The problem with Sommers’ cheerleading of equity feminism is that it’s insufficient in our twenty-first century society. I won’t blame Sommers for not anticipating how the adoption of the Web has created new opportunities for feminist discourse. However, I’m willing to argue that it was insufficient even in the 1990s when she wrote this. Feminism may have begun as a movement for women to have rights equal to those of men, but today it is inextricably linked to larger issues of social justice, including anti-racism, anti-homophobia, anti-colonialism, etc. The struggle for equity requires us to struggle for equity for all; otherwise, it is hollow. Sommers’ perspective is a very limited, very academic and American one, in which there are men and there are women and she wants the two to be equal. It’s a nice sentiment and a good start, but it’s not nearly enough.

Who Stole Feminism?: How Women Have Betrayed Women is everything it promises to be: a polemical, confrontational invective against so-called gender feminism. It’s also just as divisive and exclusionary as the feminists Sommers is criticizing. As far as books go, it is by no means a train wreck: it’s well-written, with thoughtful and organized arguments backed by an almost overwhelming amount of citations and statistics. Sommers identifies issues, predominantly in academic departments, that are probably still relevant now in 2012 (though I’d opine they are part of a larger crisis in higher education that Sommers fails to discuss). As with any mosaic movement, feminism has its own internal struggles of dogma and doctrine it must overcome.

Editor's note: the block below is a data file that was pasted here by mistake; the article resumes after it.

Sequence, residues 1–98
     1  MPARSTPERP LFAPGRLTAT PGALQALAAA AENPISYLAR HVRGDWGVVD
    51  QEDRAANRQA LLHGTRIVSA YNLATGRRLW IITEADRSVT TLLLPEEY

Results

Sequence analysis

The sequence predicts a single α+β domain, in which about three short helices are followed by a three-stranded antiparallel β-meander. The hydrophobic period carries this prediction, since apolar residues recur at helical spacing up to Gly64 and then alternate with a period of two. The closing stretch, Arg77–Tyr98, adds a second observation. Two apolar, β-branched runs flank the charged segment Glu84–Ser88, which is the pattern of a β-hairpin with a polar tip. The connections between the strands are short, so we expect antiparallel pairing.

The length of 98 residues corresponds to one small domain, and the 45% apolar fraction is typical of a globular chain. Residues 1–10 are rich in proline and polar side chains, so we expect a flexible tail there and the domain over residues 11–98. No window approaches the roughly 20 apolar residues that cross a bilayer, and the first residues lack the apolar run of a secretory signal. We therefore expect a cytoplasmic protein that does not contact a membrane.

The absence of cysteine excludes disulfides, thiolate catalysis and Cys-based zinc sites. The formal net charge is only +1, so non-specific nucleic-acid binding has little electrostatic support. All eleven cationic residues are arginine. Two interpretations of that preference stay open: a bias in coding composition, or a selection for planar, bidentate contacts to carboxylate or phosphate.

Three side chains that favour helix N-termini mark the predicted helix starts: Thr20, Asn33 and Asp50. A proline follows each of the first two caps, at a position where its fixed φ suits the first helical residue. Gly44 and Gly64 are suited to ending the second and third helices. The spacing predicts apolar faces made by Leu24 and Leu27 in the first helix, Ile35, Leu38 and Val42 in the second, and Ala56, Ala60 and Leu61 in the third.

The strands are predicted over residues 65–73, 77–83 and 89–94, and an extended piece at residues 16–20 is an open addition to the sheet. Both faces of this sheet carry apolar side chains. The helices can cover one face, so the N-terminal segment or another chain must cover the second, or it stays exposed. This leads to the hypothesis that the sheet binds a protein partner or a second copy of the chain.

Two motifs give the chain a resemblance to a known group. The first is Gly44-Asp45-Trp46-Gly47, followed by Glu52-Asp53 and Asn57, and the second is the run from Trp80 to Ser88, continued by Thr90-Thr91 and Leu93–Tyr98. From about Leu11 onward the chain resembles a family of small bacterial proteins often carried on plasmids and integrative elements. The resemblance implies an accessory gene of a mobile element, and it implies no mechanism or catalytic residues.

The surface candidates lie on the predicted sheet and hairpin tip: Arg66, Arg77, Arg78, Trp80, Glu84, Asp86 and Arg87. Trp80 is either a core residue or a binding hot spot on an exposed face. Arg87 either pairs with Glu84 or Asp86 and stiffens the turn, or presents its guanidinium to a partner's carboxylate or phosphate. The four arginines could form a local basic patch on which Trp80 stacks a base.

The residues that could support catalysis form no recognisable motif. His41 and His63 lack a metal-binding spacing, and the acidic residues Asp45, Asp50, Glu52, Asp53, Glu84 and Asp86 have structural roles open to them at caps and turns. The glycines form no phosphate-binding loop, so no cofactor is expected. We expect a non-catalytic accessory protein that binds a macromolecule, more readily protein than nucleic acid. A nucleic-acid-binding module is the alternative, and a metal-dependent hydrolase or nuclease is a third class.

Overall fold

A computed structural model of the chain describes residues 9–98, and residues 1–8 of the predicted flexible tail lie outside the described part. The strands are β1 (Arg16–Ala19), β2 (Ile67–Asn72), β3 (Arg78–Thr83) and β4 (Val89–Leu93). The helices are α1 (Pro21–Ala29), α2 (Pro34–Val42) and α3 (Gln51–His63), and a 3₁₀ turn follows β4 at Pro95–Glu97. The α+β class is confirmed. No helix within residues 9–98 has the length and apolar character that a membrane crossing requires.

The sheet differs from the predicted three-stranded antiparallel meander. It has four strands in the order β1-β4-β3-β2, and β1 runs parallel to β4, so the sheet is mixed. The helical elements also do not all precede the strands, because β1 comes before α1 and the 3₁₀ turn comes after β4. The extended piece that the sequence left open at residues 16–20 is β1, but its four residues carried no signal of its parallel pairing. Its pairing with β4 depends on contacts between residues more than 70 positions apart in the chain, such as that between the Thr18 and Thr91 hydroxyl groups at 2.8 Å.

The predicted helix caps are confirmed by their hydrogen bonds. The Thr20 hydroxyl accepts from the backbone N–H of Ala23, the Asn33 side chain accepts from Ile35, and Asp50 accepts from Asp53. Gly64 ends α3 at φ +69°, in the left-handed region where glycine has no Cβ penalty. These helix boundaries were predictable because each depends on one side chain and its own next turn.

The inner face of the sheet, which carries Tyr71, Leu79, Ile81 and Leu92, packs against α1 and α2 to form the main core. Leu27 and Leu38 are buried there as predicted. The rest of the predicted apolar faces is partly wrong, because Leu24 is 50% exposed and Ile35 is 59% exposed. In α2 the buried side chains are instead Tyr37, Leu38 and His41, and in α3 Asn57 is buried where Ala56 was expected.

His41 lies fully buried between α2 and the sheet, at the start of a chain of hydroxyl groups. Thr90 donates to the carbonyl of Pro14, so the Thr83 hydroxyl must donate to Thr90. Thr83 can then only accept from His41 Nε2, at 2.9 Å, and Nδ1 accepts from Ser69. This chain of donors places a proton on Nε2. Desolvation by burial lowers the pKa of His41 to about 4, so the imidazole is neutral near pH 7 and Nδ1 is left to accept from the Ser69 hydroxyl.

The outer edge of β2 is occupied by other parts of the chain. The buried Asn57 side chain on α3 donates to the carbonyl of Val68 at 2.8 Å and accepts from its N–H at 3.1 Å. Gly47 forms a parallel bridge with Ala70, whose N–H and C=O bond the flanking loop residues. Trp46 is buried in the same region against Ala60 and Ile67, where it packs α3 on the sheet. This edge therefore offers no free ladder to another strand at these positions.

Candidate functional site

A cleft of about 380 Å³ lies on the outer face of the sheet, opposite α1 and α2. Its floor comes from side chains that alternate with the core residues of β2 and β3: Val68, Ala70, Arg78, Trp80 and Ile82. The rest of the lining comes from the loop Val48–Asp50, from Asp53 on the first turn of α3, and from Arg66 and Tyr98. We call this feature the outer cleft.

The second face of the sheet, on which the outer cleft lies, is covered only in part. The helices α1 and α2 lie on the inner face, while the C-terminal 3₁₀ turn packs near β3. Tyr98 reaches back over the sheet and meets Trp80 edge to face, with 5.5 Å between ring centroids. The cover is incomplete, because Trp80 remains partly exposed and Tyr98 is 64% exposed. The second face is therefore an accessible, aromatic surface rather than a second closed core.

So in that respect, this book offers some interesting perspectives on the nuanced and often conflicting voices within feminist discourse. Yet as much as I can appreciate some of her criticisms, I can’t agree with most of Sommers’ proposed solutions. Her future of feminism seems like it’s moving backwards, folding inwards upon itself, in an attempt to return to roots that are always receding into romanticized histories (“it was better in the good old days, when feminism was … and feminists were …”). Perhaps this is just my bias in favour of the idea that society is still oppressive, but I think feminism, in order to make progress, has to be an agonistic process. Anything less is palliative at best.